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Showing posts from 2014

GE-EPDs and Genetic Selection
Breed Improvement Session
Angus Means Business National Convention

There was standing room only for the Breed Improvement Session of the Angus Means Business National Convention on November 4th, 2014.

Genomic Recalibration
Dan Moser, Angus Genetics Incorporated
Performance data reported to the American Angus Association has become more important than ever. Not only is this data necessary to get highly precise estimates from sires, but it is the foundation of developing genomic predictions for genomic-enhanced EPDs. In the training or recalibration of genomic predictions, basically an EPD effect is estimated for every DNA variant included in the genomic prediction test. The genomic prediction (also called the Molecular Breeding Value, MBV) is the sum of every EPD effect for approximately 50,000 DNA variants evenly spread throughout the cattle chromosomes.

Initial GE-EPDs in 2010 were based on 2,253 animals. In 2012 the training set increased to  11,756, by 2013 the training set was larger than 38,000 animals, and now in 2014 has reached over 57,000 an…

Feed Intake, $F, $B and You

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In October, we reported that Angus Genetics Inc would be including feed intake data into $F and $B indexes. On December 5th, 2014 those changes took effect. In our October poll, 91% of the respondents indicated that they considered including feed intake data as an improvement to the $B index. And, the data backs this up (see here for more about our data-driven philosophy). Since 2004 the American Angus Association has seen an increasing genetic trend for feed intake. This means Angus producers have been indirectly selecting for increased feed intake, which is a negative when we are striving for more efficient cattle.

One of the best examples of moderating one trait while improving others is the relationship between birth weight and other production traits. Since the mid-1980s Angus producers have been decreasing birth weight and the associated calving problems while increasing correlated traits such as weaning weight and carcass weight. This is perhaps one of the great accomplishment…

Data-Driven Extension Education and Research

As you know, I started in my current position at the University of Missouri Beef Genetics Extension Specialist in March of 2013. Check out the first A Steak in Genomics video to see how I describe my approach to extension education and research. (Excuse the ums and uhs, I was a little more nervous than usual as it was a job interview!)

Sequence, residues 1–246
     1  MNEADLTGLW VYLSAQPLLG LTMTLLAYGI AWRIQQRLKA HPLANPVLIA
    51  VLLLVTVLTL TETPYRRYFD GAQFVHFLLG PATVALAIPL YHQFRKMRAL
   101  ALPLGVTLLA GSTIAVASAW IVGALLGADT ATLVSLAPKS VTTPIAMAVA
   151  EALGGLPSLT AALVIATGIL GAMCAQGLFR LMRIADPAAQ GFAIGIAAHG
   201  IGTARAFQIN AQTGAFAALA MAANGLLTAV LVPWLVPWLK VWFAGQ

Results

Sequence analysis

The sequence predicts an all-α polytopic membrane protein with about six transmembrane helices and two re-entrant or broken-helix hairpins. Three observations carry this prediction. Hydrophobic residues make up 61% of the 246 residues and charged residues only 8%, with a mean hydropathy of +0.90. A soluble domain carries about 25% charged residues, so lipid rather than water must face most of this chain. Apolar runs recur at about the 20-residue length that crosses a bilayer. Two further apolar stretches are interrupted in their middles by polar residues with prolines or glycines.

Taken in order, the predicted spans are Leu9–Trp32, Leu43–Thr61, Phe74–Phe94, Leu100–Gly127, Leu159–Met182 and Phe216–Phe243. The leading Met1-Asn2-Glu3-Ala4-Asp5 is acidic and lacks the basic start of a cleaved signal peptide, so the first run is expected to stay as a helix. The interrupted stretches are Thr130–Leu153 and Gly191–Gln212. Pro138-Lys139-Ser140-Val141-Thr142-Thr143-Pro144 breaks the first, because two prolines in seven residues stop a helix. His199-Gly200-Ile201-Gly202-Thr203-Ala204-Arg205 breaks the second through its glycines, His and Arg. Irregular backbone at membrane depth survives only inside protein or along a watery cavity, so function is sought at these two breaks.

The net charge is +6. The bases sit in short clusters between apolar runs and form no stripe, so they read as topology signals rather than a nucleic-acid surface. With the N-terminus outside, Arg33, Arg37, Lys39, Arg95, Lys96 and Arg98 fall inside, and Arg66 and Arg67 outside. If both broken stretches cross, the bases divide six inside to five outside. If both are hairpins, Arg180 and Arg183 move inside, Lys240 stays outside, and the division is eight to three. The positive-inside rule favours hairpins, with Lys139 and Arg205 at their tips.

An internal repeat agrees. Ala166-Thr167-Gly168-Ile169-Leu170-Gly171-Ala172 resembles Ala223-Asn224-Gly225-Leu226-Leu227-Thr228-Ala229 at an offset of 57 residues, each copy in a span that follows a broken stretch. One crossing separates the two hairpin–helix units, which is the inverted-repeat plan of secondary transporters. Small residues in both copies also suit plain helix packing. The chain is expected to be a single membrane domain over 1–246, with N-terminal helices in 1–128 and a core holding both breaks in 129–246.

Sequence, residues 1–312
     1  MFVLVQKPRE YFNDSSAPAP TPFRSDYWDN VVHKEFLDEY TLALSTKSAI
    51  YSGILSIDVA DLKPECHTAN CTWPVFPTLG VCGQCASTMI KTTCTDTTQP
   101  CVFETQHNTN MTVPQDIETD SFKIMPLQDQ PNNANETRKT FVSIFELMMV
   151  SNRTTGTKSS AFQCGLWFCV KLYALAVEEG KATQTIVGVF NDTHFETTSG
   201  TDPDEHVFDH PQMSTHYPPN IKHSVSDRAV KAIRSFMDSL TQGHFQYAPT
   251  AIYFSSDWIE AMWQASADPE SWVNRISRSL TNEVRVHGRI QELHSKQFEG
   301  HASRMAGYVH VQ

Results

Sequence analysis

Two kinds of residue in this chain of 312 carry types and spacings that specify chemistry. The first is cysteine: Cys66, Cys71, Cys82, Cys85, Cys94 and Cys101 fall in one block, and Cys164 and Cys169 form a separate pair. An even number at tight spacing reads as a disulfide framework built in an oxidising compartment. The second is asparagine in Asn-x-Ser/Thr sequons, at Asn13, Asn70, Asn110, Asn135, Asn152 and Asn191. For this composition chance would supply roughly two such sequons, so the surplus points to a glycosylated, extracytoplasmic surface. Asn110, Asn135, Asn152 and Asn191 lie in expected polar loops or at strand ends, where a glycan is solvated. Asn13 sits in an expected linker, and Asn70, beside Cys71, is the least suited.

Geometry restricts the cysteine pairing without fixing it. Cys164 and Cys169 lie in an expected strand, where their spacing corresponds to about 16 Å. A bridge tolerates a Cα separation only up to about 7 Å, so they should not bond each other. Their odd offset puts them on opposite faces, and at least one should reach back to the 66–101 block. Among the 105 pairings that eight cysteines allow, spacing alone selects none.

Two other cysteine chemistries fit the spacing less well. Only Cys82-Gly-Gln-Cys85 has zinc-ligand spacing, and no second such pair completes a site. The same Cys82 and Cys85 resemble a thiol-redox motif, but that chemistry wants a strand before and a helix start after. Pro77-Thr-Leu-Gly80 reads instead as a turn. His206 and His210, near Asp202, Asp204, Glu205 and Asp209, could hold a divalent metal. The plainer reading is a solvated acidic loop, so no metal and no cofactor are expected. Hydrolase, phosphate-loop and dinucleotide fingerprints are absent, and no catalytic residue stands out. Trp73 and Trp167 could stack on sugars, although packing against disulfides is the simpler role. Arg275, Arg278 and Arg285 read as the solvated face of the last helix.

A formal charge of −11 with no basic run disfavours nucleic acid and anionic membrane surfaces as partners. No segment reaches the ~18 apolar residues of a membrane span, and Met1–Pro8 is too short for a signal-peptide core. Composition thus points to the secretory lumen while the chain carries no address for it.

Have you ever wondered why polls started appearing at the bottom of these blog posts? It is an effort to have a data-driven extension program in which we measure and respond to feedback from you, the Steakholders.

In order for us to really make progress in using genomic technologies and animal breeding best practices in beef production, there needs to be an open and honest conversation about these topics. If you ever are concerned there is an inaccuracy in my writings or presentations, please bring it to my attention as a comment on the blog, in an email, or a phone call. But please bring the data! Don't bring fallacies or antidotes to a data-drive…

Piecing the Puzzle
Story By Rebecca Mettler for Cattlemen’s News

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Rebecca Mettler wrote a story for the Joplin Regional Stockyards Cattlemens News. Mettler talked to Dr. Megan Rolf of Oklahoma State University and me about the use of DNA testing in the beef industry with a focus on commercial operations. Check out the article on page 18 of the November issue!

Food Babe Visits University of Florida


Post at Illumination Blog

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For those that have experienced the clarity and beauty of viewing the world through the lens of science, interacting with those who choose opinion and fear over facts and evidence can be very frustrating. But Kevin Folta, at the University of Florida didn't even get to interact with or question Ms. Hari about the misinformation she shares to a large audience. Head over to the Illumination blog to read Kevin Folta's thoughts. 

Brown Bagger EPD Updates

Jack Ward, Wade Shafer, and John Genho presented during todays NBCEC Brown Bagger seminar. They gave updates about how their breeds are utilizing genomic information.

Jack Ward
The American Hereford Association will release an Udder EPD in the Spring 2015 update, which is typically published in late December. They are also working on a Feed Efficiency EPD which could be released in December, but will more likely be in the Summer of 2015. In the Summer of 2015 the AHA will also publish a Sustained Cow Fertility EPD (similar to other breed's longevity EPDs) and a Heifer Calving Rate EPD (a measure of heifer fertility).

Ward also presented a nice analysis of price differences between bulls with and without genomic-enhanced EPDs. He set an upper limit of $15,000 to avoid high priced bulls that would skew the numbers. Bulls with traditional, low accuracy EPDs averaged $5,325. Bulls with genomic-enhanced EPDs averaged $7,475 at sale. More results can be seen in Ward's Hereford Geneti…

Angus Association Refines Genetic Evaluation
Expect Changes in $B Index Rankings

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*UPDATED 7 October 2014

I had a brief meeting with Dan Moser of Angus Genetics Inc today in which he informed me of several updates to the American Angus Association's genetic evaluations.